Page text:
This weekend has been a busy one, perhaps busier than expected for me given that Mike and the kids have been away on their “Dads and kids” camping trip. Instead of taking time to spoil myself in peace whilst they enjoyed the glorious sunshine and camp activities, I sorted, washed, shopped and ticked things off a list, all in preparation for G’s Year 6 camp next week. She’s there for 4 days of adventure: from archery to rock climbing and caving to kayaking, and it’s promising to be an adrenalin-filled time away from home. It will be the first time she’s stayed away for any length of time, apart from during school holidays with my Mum, and I know she’s been feeling a little apprehensive about it all. The strain of not knowing in advance who she’d be sharing a room with took a bit of the shine off her excitement and she was anxious to confirm that she could opt out of the caving, the one activity she has said she doesn’t want to do since we first heard about camp back at the start of the year.
The one part of her week away that has not been of concern for her has been the one that I’ve been able to contribute to: her food. I’ve met with her teacher, Miss K, and the Head throughout the year to discuss the catering arrangements at camp and had an unprecedented 3 meetings the week after half-term as well as multiple e-mail exchanges to ensure the final plans were watertight. Miss K spoke to the camp cook to discuss G’s dietary needs and was reassured that they are well-used to catering for children with food allergies. We had talked about the types of food that would need to be considered for G – GF bread (Genius brown), DF spread (Vitalite Dairy-free) and DF milk (Rice dream) amongst others – and armed with brand names, Miss K has been able to confirm with the camp that these will be available for G.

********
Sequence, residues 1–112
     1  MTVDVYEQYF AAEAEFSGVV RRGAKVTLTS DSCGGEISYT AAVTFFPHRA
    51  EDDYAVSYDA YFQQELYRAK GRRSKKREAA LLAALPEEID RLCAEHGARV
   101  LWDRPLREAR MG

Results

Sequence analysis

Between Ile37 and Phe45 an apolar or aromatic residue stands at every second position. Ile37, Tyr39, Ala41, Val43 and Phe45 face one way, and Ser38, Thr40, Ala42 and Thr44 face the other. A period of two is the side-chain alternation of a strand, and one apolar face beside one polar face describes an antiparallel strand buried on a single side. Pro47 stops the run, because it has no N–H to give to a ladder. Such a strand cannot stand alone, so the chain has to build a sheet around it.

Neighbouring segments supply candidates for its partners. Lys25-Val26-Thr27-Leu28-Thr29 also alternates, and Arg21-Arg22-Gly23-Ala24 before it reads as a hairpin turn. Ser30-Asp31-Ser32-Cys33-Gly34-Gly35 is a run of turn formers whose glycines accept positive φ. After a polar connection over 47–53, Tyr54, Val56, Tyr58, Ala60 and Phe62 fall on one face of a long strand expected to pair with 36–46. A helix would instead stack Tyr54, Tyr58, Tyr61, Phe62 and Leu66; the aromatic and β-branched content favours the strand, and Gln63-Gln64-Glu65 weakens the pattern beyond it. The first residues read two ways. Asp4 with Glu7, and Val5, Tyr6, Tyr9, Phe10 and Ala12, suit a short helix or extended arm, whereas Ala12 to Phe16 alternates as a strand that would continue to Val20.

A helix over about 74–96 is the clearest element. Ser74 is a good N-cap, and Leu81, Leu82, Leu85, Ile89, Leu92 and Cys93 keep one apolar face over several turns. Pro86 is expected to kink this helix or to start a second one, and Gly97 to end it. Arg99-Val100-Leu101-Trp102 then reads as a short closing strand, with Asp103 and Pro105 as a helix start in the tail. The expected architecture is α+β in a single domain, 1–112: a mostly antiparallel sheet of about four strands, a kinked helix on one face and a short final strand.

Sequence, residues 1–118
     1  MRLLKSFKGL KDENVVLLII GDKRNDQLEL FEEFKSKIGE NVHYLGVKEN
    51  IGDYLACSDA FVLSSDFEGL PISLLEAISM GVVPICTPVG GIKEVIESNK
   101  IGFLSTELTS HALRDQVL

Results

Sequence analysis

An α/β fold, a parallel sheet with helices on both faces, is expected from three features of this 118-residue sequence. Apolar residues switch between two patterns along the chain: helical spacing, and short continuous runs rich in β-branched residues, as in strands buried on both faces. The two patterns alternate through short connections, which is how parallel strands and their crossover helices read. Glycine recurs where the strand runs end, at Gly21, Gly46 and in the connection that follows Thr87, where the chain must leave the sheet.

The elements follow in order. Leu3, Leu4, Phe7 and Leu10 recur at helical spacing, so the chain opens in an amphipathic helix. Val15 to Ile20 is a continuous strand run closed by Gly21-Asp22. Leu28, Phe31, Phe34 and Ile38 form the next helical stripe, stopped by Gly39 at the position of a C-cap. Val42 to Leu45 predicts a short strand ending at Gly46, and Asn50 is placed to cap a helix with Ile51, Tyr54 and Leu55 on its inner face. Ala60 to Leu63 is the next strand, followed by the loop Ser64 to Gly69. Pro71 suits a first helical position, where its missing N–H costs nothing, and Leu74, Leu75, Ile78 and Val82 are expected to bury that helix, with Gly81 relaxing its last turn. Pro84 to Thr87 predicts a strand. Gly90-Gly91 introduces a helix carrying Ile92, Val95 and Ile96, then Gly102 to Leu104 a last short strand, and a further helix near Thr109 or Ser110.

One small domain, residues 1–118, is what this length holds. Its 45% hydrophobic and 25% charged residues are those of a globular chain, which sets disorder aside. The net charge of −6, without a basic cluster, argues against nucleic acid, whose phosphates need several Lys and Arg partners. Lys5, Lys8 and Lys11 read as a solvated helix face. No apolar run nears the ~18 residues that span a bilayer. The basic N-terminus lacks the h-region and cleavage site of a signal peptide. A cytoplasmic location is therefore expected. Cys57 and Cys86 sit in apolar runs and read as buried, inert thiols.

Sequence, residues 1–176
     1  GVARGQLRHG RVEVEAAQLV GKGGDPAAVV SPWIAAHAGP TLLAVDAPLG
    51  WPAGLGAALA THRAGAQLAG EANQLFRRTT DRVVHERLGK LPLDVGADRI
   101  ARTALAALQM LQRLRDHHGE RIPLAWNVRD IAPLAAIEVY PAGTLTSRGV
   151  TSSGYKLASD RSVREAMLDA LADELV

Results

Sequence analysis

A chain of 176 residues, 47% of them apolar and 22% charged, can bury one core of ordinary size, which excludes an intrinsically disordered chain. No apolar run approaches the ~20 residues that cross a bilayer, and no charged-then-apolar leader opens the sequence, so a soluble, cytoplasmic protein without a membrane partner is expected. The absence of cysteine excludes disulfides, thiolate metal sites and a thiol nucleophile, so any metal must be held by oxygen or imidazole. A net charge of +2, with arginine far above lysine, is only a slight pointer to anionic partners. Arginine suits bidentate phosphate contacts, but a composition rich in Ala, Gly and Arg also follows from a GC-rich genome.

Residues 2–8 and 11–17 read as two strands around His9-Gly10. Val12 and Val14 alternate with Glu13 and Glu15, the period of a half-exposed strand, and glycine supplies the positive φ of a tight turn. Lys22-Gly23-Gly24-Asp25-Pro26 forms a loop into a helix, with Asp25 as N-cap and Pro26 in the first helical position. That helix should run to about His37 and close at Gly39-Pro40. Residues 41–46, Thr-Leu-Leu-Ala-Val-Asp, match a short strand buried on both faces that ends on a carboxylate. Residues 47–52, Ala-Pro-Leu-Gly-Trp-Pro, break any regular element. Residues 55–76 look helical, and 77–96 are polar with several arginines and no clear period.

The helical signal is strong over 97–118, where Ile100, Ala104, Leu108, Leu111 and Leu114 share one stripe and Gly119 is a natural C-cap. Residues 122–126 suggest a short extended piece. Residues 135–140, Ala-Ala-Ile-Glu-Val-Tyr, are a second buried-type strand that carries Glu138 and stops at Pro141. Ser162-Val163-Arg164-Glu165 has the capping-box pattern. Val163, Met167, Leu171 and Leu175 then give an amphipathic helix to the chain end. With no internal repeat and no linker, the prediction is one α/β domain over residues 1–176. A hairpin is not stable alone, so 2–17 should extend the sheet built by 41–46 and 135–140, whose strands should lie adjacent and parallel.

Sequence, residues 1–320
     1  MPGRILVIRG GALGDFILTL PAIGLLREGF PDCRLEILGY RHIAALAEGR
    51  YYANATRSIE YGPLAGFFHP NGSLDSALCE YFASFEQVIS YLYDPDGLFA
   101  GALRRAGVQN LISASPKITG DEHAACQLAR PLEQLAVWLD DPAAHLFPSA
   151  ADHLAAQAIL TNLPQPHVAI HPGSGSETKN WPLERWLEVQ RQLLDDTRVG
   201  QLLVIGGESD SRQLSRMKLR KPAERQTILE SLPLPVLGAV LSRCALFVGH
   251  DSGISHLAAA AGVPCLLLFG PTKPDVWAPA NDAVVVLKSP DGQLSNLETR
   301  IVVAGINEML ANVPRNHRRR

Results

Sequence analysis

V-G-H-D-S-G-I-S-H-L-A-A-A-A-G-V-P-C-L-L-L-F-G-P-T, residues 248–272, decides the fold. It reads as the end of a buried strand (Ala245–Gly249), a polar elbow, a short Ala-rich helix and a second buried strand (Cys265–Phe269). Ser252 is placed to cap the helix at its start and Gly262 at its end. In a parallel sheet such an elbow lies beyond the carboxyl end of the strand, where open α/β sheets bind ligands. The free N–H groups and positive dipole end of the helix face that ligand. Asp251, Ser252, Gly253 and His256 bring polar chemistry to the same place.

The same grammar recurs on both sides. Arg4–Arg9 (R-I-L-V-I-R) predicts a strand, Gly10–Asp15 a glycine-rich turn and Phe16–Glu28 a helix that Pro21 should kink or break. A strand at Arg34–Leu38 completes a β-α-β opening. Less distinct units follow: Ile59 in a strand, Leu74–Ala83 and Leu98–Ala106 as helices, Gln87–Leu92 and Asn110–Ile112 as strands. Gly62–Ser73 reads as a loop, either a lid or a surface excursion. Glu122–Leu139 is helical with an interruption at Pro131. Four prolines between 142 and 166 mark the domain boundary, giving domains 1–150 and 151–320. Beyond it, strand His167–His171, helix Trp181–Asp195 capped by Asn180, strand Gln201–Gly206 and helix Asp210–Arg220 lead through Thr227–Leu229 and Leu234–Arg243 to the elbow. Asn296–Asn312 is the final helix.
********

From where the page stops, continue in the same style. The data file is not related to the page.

I am confident that breakfast and lunch will be okay, but it is still the dinner arrangements that are causing me mild moments of suppressed panic. If G was “just” gluten-free, I’d have fewer concerns; if she was “just” dairy-free, I’d be only mildly worried, but the combination of both, whilst so much easier to manage that the multitude of allergies of others in our household, requires a little more forethought. When discussing the menu with Miss K, I realised just how much planning is needed to make G’s meals safe, something that probably seems strikingly obvious to everyone else, but is so second nature to me that I’ve had to learn how to effectively micro-manage these finer details. It’s not as simple as ensuring that GF pasta is cooked for lasagne or GF sausages provided for sausages and mash as she can’t have cheese or white sauce, mashed potato needs to be made with both DF milk and butter and there’s the hidden use of flour to thicken sauces. Those are the little things that sometimes slip under the radar.
So, the school and I have reached a sensible arrangement. I am providing some safe foods for the week for G for those “just in case” moments – cartons of rice milk, safe drinking chocolate, GF breakfast cereal and a loaf of GF bread. There will also be a packet of GF pasta and a GF/DF curry sauce tucked in that will take up little space, but will give me some invaluable peace of mind. I’m also packing a special camp “swap box” as an alternative to the lure of the vending machines that her friends will undoubtedly be pillaging at all times of the day and night. In there will be safe biscuits, snacks and a few bars of our ever-favourite Moo-free chocolate to ensure that she has the opportunity to gorge herself at midnight alongside her room-mates.
Today I handed over that precious bag of food and, tomorrow morning, as M and I wave her off on her adventures, I know that she’ll enjoy a mostly worry-free fantastic week away with her friends and my concerns need only be small.